Economic news

Indian Shares Cut Gains, RBI Hints End to Ultra-Cheap Money

BENGALURU, April 8 (Reuters) - Indian shares gave up early gains, bond yields jumped and the rupee strengthened on Friday after the central bank raised inflation expectations and gave first hints of gradually moving away from its ultra-loose monetary policy.

The central bank kept the lending rate, or the repo rate, steady at 4% as widely expected and stuck to an accommodative stance to support a post-pandemic economic recovery that remained tepid. 

However, it raised 2022/23 inflation forecast by 120 basis points from February to 5.7% amid risks from Russia-Ukraine war, and also cut its economic growth expectation to 7.2% from 7.8%.

As a first step towards policy tightening, the central bank said on Friday it would restore the width of the liquidity adjustment facility corridor to 50 basis points.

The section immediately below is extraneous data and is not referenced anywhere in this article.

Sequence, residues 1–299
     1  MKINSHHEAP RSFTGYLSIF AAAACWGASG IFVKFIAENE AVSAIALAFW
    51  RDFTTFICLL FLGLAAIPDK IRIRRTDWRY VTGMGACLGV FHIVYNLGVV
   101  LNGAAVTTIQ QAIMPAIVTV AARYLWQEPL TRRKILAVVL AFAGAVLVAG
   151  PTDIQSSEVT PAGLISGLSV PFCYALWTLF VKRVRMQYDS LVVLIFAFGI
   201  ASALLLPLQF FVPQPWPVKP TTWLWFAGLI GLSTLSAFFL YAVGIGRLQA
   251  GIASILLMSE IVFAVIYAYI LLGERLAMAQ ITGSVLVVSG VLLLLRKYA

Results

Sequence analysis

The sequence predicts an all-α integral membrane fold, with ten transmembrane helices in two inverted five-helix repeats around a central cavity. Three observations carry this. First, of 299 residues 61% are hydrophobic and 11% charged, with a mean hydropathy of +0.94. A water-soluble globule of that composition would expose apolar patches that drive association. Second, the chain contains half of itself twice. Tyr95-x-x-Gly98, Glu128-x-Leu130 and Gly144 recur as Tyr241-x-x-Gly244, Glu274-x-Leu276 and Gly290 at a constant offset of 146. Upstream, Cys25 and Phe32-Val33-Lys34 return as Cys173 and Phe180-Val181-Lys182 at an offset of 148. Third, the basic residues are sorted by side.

Prithviraj Srinivas, Chief Economist, Axis Capital, Mumbai, said the RBI has changed its stance to "more hawkish" and the increase in inflation forecast is a bit more than expected.

The move follows nearly two years of record-low repo rate and against the backdrop of several global peers, including the U.S. Federal Reserve, starting to raise rates to counter a price surge.

"The review shows the RBI is ready to steer monetary policy out of crisis level accommodation," Srinivas said.

India's inflation has breached the 6% upper limit of the central bank's target range for two months. Economists polled by Reuters had expected the RBI to wait at least a few more months to raise interest rates. 

The 10-year benchmark bond yield rose 9 basis points to 7.017%, while the rupee strengthened against the dollar to 75.76 from 75.97 after the policy announcement.

The NSE Nifty 50 index was unchanged at 17,626.90, as of 0603 GMT, while the S&P BSE Sensex fell 0.2% to 58,912.76.

Reporting by Nallur Sethuraman in Bengaluru and Savio Shetty in Mumbai; Editing by Subhranshu Sahu and Arun Koyyur

Source: Reuters

To leave a comment you must or Join us

More news

Back to economic news list

By visiting our website and services, you agree to the conditions of use of cookies. Learn more
I agree